Various speakers were called up to speak during the pow wow, including Marlita Pacheco, whose nephew committed suicide while serving a sentence at Jameson Annex. Pacheco’s husband passed away this past year and she was honored by inmates and visitors for her inmate support and advocacy.

Inmate Wade Aikins read from a prepared statement during his speech. “I’m about to begin my 30th year of a life sentence. I’ve not been involved with any aspect of our cultural activities here in prison for a long time. A fear of reprisals against us for our involvement in any collective efforts in prison is also a strong deterrent from involvement,” said Aikins.

Hoop dancer Dallas Chief Eagle, shown here earlier this year at the University of Nebraska Kearney, performed at the powwow at the South Dakota State Penitentiary. Photo from Dallas Chief Eagle / Facebook

Continued Aikins, “Our human and civil rights are violated on a regular basis and policies and rules are being made up on the spot and enforced at the prisoners’ expense… if it comes to a prisoner who just becomes overwhelmed in here from some reason and reacts, we’ll see staff come out of the woodwork in order to get a piece of that guy, in order to inflict pain/punishment on the guy.”

Aikins went on to discuss concerns in Native American spiritual rights and practices. “Prisoners won back the right to use tobacco in the ceremonies… certain administrative ‘reps’ have been doing All kinds of petty things to get their ‘digs’ in at the Natives' activities,” claims Aikins.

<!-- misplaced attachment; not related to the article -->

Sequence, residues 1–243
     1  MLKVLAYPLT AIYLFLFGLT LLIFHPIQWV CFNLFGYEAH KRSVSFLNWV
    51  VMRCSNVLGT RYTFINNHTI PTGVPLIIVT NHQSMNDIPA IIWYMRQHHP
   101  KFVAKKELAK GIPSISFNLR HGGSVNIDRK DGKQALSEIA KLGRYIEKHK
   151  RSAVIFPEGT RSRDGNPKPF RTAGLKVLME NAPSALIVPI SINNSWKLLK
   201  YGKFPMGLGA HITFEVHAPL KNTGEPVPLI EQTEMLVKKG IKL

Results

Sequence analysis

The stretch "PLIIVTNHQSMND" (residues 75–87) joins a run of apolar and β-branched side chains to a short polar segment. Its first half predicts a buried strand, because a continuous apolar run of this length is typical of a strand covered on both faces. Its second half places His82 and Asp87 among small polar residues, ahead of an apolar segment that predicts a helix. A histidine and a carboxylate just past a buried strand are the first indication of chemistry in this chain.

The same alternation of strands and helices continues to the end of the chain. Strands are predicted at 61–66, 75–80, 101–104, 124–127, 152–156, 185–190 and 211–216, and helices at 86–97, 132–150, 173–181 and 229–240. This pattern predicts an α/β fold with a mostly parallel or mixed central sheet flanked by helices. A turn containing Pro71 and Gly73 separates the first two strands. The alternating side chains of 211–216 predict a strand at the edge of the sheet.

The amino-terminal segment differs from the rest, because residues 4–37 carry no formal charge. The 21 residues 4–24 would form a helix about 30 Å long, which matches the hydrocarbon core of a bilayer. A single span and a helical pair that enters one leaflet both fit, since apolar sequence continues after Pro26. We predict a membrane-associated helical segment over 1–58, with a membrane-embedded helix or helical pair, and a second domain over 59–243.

The prison pow wow was highly shortened and certain guests were not allowed for reasons unbeknownst to inmate organizers, according to Aikins.

For whatever reasons, inmates feel they are being targeted and taking away their religious rights and spiritual practices are being used as an exchange tool for conformity and as a punishment tool.

As the pow wow continued, inmates were able to honor an inmate and three outside visitors with eagle feathers. The inmate honored was set to be released this week and has been running the sweat lodge ceremonies for inmates. Also honored were Native Sun News, Dallas Chief Eagle, and the tribal liaison for the Lower Brule Sioux Tribe.

LDN Spiritual Group spokesman, Robert Horse has received a paralegal degree while serving a sentence for the past 16 years. He told Native Sun News he would like to see more involvement and support from tribal leaders.

Horse has sent letters and made phone calls to many tribal representatives and groups. One of those phone calls did not go ignored. A. Gay Kingman, Great Plains Tribal Chairmen’s Association, answered a call from Robert Horse last week and has asked for information regarding inmate needs be presented at the next GPTCA meeting on Oct. 30.

For this story and more, visit the all new Native Sun News website

The inmates at the Jameson Annex are serving time for crimes against their families, their tribes, and their communities. Often times, these crimes are unforgiveable. But they feel they don’t deserve to be forgotten.

Many of them will be returning to the streets from which they were arrested. They have needs relevant to their addiction recovery, spirituality, and mental health and have asked that community leaders support their requests for services.

As George Blue Bird said during the pow wow, “I would like to see someone contact Neil Young and tell him to come put on a concert for us. Next time, I would like to see Neil Young sitting right there and playing music for us.”

This comment was made in jest as Indian humor, but the message was as authentic as a man serving a life sentence without the possibility of parole can be.

(Contact Richie Richards at Copyright permission Native Sun News